Biology is not fully reducible to genetics, and behavior is not fully reducible to biology. I’ve found myself using that adage more often in conversation, so I thought perhaps it would be helpful to mention and unpack here. As far as I know, that particular phrasing is mine, but the sentiment I believe is fairly representative of what biologists think. While there may be a popular expectation finding genes for every personality trait, the reality is that genes can only have so much influence. That should be apparent even from the raw numbers. We have roughly 25,000 genes and 100 trillion neural connections; so few genes cannot possibly fully specify how our brains are wired, especially considering everything else those genes also have to do. Even when genes get a label like the “warrior gene” the most we can about it is that it is associated with a higher tendency toward certain behaviors, rather than being fully deterministic.
Going a little further, what do I mean that biology is not fully reducible to genetics? I mean that not everything that happens in our bodies is fully determined by our DNA. We recently saw how prolonged time in space can cause differences between the biology of an identical twin and his Earthbound brother. We know the sex of some fish and reptiles is influenced by temperature, and a recent paper showed that turtle embryos may themselves have a mechanism for regulating temperature to achieve a specific outcome. We cannot perfectly predict traits from height to heart disease risk simply by reading one’s genome. Sure, eye color and blood type have fairly simple and deterministic genetics, but those are likely the exceptions. They are useful examples for teaching the basics of inheritance, but if they are all one knows one might have a skewed expectation of how genes relate to traits.
That biology does not fully determine behavior should be even more obvious. Typing this blog post is not an activity that flows purely from my biology. I had to learn a language, learn keyboarding skills, and learn biology, while others had to invent the Internet and write blogging software. Culture and experience clearly shape behavior. Of course, biology plays a role as well; we wouldn’t be quite so susceptible to certain clickbait headline techniques if our neural biochemistry worked differently. Behavior is a stew, a rich and complex product of the potential for myriad interesting interactions born of mixing multiple ingredients.
That context is helpful to bear in mind when reading the latest news about genetics and behavior, such as a study published last week on genes and sexual orientation. The study itself is an interesting byproduct of the Human Genome Project, cheap sequencing technology, a desire to know where we came from, and high expectations that to know one’s genes is to know oneself. Researchers had access to hundreds of millions of genomes thanks to 23andMe, a commercial personalized genome sequencing service; this allowed for a much larger study on the genetics of orientation than any previously conducted. By analyzing those genome sequences alongside survey results about behaviors, they could ask whether there is any evidence of specific genes for homosexuality. The results were consistent with earlier, smaller studies: some association between genetics and homosexual behavior exists, but genes do not fully predict such behaviors and the associations that were found are complex and involve many genome locations rather than a single gene. Thus orientation is likely neither a fully willful choice nor a genetic imperative.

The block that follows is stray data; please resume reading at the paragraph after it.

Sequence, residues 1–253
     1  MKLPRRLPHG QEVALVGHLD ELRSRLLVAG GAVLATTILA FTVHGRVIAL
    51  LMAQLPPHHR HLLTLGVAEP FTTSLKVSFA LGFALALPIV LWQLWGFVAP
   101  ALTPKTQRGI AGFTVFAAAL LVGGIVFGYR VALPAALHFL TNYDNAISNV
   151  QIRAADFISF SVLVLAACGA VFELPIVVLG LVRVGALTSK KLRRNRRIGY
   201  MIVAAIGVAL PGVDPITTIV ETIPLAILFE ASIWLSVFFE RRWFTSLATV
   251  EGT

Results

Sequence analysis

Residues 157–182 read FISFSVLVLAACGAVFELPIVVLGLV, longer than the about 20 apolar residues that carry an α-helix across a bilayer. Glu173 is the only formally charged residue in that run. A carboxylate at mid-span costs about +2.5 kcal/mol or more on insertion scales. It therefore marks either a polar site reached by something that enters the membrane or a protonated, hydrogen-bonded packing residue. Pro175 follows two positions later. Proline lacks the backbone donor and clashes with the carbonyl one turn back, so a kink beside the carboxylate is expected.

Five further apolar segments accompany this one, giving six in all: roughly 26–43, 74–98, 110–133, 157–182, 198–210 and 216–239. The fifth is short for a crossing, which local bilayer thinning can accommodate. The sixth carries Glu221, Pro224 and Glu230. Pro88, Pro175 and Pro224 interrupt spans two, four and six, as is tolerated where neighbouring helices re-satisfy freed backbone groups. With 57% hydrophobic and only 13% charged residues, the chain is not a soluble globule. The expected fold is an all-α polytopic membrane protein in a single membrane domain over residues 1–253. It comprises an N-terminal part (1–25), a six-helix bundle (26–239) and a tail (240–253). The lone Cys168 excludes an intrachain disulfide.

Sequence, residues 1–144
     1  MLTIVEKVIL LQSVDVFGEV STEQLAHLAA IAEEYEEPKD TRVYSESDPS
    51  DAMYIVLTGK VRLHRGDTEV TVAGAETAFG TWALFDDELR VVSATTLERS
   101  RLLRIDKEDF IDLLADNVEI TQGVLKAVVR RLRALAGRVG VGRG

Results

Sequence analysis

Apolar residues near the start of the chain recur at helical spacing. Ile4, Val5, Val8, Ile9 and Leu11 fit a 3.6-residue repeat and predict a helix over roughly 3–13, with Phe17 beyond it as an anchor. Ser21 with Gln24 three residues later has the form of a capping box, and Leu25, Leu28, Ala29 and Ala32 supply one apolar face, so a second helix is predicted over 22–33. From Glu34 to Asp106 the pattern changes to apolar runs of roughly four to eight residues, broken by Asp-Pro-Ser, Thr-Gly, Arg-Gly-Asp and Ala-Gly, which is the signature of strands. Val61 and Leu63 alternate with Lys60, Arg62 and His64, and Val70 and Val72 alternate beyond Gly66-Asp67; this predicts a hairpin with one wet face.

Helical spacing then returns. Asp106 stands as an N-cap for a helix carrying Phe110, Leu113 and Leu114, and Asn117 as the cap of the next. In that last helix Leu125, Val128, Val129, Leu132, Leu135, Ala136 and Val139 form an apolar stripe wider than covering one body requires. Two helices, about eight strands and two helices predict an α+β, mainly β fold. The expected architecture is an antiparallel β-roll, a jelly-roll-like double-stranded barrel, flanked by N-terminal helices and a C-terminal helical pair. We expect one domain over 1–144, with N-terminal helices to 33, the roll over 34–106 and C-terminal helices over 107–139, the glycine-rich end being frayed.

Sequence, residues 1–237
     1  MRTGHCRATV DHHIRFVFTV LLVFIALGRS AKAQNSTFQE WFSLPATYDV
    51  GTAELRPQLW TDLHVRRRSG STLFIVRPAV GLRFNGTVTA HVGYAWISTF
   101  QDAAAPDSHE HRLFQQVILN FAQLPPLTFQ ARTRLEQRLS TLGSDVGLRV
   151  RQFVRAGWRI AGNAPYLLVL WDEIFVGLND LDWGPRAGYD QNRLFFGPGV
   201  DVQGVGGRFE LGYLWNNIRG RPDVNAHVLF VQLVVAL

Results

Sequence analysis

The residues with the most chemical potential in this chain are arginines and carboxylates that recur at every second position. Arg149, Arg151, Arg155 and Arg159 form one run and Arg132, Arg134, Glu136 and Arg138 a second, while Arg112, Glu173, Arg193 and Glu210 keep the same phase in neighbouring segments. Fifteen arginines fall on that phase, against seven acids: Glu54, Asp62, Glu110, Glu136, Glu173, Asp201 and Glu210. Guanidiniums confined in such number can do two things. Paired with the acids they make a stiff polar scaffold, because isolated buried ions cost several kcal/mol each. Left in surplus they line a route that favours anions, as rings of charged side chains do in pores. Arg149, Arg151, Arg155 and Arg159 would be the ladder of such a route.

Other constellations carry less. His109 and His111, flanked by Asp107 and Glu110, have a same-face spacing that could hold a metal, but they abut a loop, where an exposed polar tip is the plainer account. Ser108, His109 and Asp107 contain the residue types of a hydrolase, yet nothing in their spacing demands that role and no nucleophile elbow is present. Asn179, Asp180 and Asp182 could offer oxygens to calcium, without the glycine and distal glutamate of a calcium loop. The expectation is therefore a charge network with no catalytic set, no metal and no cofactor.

I’ve covered this topic before, and came to a similar conclusion then. I explored some additional research which suggests there may be additional biological components beyond genetics, but even accounting for all of one’s biology there is still variability in orientation. Given that those posts are still read with some frequency and in light of the recent study making headlines, I thought it was a good opportunity to revisit the topic. As then, I still think it is important to remember that even our best understanding of biology can only tell us what is, and not what ought to be. And if we are going to hold that perspective, we need to be consistent. It can be tempting to appeal to biology as a model of how things should be when we think biology happens to agree with us, but bear in mind that the world of living creatures is wild and woolly and still has the capacity to surprise.
About the author:
Andy has worn many hats in his life. He knows this is a dreadfully clichÃ©d notion, but since it is also literally true he uses it anyway. Among his current metaphorical hats: husband of one wife, father of two teenagers, reader of science fiction and science fact, enthusiast of contemporary symphonic music, and chief science officer. Previous metaphorical hats include: comp bio postdoc, molecular biology grad student, InterVarsity chapter president (that one came with a literal hat), music store clerk, house painter, and mosquito trapper. Among his more unique literal hats: British bobby, captain's hats (of varying levels of authenticity) of several specific vessels, a deerstalker from 221B Baker St, and a railroad engineer's cap. His monthly Science in Review is drawn from his weekly Science Corner posts -- Wednesdays, 8am (Eastern) on the Emerging Scholars Network Blog. His book Faith across the Multiverse is available from Hendrickson.